The rule you mention involves final sounds all of which contain either an 'S', a 'Z', a 'SH', a 'ZH', a 'DG' or a 'CH' after which it is obviously rather impossible to pronounce either 'S' or 'Z', so what happened was that the original ES was retained and not shortened as in all other cases.
A similar phenomenon applied to the alternation between T/D and ED in the past tenses of verbs: consider LOVED (LUVD), KISSED (KIST) as opposed to WAITED: it is simply impossible to pronounce WAITT, so here too the original ED was retained.
The plural of "quiz" is spelled with double "z" while the plural of "box" (and sometimes "bus") is spelled with single last consonant. Is this the general rule to double the last consonant to keep the syllable closed?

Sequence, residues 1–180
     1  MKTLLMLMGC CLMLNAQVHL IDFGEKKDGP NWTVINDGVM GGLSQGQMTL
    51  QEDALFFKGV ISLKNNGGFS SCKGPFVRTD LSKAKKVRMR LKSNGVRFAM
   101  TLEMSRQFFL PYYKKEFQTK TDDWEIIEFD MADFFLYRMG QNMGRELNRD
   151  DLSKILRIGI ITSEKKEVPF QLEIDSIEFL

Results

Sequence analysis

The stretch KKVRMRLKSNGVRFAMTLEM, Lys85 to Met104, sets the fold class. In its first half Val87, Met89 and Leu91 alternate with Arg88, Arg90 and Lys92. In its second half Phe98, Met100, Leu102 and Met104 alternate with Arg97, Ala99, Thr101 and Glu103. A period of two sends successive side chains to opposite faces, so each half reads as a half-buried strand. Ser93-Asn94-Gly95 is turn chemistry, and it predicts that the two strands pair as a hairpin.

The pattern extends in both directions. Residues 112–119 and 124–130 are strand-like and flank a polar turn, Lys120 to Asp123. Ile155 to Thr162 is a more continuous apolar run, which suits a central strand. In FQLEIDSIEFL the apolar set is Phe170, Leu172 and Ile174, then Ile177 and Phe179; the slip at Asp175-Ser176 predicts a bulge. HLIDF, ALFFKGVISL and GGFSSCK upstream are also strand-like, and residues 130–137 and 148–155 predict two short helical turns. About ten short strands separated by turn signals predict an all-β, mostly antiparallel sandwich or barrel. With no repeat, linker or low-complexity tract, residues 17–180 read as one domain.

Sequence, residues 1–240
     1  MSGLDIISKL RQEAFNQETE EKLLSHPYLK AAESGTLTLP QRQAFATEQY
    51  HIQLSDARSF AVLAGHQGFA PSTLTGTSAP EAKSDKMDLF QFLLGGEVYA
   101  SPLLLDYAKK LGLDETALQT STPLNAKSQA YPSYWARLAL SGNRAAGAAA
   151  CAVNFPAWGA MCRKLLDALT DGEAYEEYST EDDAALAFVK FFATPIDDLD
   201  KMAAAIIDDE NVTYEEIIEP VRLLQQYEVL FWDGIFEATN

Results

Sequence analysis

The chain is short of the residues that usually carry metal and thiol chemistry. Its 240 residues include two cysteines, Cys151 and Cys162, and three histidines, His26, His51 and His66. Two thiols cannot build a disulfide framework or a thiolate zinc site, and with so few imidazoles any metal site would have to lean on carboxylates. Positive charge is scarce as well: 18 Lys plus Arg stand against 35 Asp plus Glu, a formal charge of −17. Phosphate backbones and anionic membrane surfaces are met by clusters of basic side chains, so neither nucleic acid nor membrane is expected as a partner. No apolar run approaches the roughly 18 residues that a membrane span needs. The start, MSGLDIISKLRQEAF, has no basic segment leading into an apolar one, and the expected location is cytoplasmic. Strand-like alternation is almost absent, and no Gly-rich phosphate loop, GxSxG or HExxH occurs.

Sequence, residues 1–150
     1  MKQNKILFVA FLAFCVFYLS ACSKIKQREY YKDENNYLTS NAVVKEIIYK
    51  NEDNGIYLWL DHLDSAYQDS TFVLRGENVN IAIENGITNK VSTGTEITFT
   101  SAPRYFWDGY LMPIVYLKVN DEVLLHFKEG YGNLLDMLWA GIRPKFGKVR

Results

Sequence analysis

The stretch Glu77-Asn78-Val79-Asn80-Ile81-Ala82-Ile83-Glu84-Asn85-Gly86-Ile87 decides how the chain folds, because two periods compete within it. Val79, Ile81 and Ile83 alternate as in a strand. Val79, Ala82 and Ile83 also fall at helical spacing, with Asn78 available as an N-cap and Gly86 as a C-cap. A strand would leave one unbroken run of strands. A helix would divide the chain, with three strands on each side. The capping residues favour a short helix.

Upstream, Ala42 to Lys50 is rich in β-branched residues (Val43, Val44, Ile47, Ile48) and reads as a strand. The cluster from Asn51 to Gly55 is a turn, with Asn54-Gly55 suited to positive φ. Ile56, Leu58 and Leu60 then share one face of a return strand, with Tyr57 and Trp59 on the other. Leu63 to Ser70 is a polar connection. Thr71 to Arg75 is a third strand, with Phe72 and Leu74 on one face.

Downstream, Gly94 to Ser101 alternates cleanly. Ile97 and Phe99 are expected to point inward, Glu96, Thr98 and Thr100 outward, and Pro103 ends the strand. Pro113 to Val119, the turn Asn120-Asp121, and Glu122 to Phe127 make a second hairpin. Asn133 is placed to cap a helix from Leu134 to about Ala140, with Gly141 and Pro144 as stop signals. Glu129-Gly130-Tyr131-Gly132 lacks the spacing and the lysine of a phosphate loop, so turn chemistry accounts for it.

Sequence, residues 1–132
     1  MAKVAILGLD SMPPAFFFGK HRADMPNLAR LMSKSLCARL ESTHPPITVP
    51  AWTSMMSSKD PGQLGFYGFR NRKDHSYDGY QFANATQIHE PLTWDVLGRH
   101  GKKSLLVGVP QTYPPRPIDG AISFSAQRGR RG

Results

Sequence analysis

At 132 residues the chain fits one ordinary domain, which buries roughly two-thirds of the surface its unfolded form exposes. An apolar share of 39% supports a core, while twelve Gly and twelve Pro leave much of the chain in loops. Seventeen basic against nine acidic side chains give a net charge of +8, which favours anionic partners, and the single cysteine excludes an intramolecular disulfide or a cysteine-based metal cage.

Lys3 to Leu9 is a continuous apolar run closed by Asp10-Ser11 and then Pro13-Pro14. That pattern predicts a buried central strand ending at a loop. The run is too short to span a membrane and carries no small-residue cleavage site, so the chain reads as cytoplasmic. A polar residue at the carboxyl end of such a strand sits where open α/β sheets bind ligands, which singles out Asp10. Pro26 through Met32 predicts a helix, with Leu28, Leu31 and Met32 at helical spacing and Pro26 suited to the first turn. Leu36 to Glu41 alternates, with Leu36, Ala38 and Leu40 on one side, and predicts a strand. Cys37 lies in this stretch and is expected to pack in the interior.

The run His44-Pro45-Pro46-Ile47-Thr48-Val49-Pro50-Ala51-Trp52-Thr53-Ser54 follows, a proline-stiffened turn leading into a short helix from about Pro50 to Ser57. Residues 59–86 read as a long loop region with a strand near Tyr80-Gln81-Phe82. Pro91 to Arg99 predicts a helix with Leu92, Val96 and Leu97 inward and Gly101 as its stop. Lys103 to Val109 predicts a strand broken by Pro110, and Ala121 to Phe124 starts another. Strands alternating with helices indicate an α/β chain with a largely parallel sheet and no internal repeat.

Citing Merriam-Webster "plural bus·es also bus·ses", this makes me think that "buses" is more common.
The "es" is added to such words for the sake of pronunciation.
Far better to say "ditches." Or take the word "whacks." The word "waxes" would have to be pronounced like "whacks" with an added S, or whacks-S, without the "es." So you see, it just works better with the "es," makes things easier to say.However, it's obviously a special case, and I've put forward one suggestion as to why that is; John Lawler has another which makes a lot of sense to me as well.I think the OP was asking for a general rule - but we all know that there are always exceptions. Code List: A list of all coded values for a particular field and the meanings they represent.A code list can be associated with multiple columns in a single data file or multiple data files.